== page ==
Re: square roots in Q[r]

• To: mathgroup at smc.vnet.net
• Subject: [mg107790] Re: [mg107764] square roots in Q[r]
• From: Daniel Lichtblau <danl at wolfram.com>
• Date: Fri, 26 Feb 2010 04:05:50 -0500 (EST)
• References: <201002252235.RAA16943@smc.vnet.net>

```Kent Holing wrote:
> Assume that we have f(x) an irreducible polynomial of degree
> n with rational coefficients and f(r) = 0 for r real. Given an
> element u in Q[r], is it an easy way, using mathematica, to check
> if u is a square in Q[r]?
> Kent Holing

One approach, that only answer "if" and not "how", is to use
AlgebraicNumber[] to represent u as a polynomial in r. If the square
root, when hit with RootReduce, has a defining equation of larger degree
than f, then the original algebraic was not a square in that field, else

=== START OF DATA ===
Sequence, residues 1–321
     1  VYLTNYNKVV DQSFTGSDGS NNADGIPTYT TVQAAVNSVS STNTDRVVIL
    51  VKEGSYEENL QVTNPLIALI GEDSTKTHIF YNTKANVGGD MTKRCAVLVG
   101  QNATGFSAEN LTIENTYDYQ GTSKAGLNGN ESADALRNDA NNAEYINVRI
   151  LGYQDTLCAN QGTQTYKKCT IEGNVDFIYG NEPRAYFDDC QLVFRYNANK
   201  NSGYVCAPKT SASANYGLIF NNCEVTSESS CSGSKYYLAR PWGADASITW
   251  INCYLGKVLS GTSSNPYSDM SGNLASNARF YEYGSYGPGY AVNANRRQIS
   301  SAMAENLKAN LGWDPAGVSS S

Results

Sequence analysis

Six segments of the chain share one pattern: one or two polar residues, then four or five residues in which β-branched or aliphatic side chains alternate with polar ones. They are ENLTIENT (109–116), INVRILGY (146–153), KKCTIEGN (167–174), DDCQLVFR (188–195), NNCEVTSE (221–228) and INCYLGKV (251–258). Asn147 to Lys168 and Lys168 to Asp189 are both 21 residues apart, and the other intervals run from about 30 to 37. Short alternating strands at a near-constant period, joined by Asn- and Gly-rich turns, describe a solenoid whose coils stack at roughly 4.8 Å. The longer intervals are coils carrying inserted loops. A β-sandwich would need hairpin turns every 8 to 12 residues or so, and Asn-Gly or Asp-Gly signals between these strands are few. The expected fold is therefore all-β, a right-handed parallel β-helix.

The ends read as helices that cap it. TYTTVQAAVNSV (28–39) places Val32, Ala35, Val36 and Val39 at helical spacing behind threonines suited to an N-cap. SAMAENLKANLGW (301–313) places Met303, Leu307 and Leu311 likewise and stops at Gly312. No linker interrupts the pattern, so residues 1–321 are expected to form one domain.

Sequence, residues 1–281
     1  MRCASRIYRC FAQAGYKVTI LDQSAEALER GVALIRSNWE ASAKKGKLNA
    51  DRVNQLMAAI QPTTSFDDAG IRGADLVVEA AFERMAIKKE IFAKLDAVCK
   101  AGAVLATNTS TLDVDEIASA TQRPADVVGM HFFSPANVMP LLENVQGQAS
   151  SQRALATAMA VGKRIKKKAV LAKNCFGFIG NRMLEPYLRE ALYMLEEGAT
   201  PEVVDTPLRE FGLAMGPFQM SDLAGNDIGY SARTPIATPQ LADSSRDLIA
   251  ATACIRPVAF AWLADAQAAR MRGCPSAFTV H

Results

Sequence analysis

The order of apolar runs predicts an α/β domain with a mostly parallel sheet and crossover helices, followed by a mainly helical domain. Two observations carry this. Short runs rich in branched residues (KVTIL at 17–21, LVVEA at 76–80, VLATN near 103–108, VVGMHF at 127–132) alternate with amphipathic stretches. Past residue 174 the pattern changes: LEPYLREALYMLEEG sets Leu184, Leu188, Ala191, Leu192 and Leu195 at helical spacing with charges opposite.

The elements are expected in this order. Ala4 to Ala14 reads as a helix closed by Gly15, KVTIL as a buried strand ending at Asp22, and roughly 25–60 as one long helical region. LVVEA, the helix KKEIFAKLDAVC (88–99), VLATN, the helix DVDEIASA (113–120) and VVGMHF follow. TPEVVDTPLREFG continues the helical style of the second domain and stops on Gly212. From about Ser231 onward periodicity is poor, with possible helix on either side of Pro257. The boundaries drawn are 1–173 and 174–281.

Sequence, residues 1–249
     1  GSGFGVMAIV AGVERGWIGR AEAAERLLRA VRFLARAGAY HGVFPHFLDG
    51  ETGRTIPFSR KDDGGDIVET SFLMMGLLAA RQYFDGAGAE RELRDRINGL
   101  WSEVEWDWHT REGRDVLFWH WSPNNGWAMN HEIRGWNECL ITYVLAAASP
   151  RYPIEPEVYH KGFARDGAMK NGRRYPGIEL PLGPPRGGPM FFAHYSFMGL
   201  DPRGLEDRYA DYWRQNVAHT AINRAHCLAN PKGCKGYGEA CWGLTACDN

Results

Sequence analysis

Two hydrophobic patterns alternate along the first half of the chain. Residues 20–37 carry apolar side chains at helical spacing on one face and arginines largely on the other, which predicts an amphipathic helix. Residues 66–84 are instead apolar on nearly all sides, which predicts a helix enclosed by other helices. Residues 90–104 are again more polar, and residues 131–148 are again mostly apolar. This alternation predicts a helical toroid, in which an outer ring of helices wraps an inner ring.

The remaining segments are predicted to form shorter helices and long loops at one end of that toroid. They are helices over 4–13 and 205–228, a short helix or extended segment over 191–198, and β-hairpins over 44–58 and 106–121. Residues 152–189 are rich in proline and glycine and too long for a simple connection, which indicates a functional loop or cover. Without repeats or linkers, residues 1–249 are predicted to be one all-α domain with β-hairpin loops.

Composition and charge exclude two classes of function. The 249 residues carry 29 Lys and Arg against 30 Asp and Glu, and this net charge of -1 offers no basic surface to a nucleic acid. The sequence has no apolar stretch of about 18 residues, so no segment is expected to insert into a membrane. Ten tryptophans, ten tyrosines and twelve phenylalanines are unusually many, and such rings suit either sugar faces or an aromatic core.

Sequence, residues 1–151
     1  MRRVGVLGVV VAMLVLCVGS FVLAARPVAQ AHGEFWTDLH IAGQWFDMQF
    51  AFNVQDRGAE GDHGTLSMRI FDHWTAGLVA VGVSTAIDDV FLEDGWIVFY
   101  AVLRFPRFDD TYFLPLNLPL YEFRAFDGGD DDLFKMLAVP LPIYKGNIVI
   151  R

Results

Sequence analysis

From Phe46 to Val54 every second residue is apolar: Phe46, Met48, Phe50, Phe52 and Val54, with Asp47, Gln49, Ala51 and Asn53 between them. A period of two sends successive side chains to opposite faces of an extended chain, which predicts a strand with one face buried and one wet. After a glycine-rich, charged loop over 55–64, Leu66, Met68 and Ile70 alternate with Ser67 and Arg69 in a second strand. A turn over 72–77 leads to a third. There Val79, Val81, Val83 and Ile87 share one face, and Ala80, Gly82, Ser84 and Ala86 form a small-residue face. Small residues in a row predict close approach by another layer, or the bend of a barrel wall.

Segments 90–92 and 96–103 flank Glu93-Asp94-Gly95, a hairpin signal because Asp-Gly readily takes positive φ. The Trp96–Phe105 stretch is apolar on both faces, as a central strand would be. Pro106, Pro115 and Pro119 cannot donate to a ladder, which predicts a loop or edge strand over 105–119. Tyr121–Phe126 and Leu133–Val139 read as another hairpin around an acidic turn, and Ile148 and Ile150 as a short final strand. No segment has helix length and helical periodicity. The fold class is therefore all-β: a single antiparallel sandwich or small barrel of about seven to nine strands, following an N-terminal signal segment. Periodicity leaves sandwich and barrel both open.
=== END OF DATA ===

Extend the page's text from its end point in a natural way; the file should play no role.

it is.

Here are examples. I use the same f to produce r. The first is obviously
a square; it is r^2+2*r+1. The second, r^4+r^2+2*r+1, is most likely not
a square. We verify both claims using RootReduce.

In[24]:= i1 =
AlgebraicNumber[
Root[#^5 - 2*#^3 + 11*#^2 - 7*# + 1 &, 3], {1, 2, 1, 0, 0}];
i2 = AlgebraicNumber[
Root[#^5 - 2*#^3 + 11*#^2 - 7*# + 1 &, 3], {1, 2, 1, 0, 3}];

In[27]:= RootReduce[Sqrt[{i1, i2}]]

Out[27]= {Root[20 - 30 #1 + 7 #1^2 + 8 #1^3 - 5 #1^4 + #1^5 &, 3],
Root[-643837 + 689384 #1^2 - 163076 #1^4 - 5071 #1^6 -
117 #1^8 + #1^10 &, 5]}

There is probably a better way to do this but I have yet to figure it
out this evening.

Daniel Lichtblau
Wolfram Research

```

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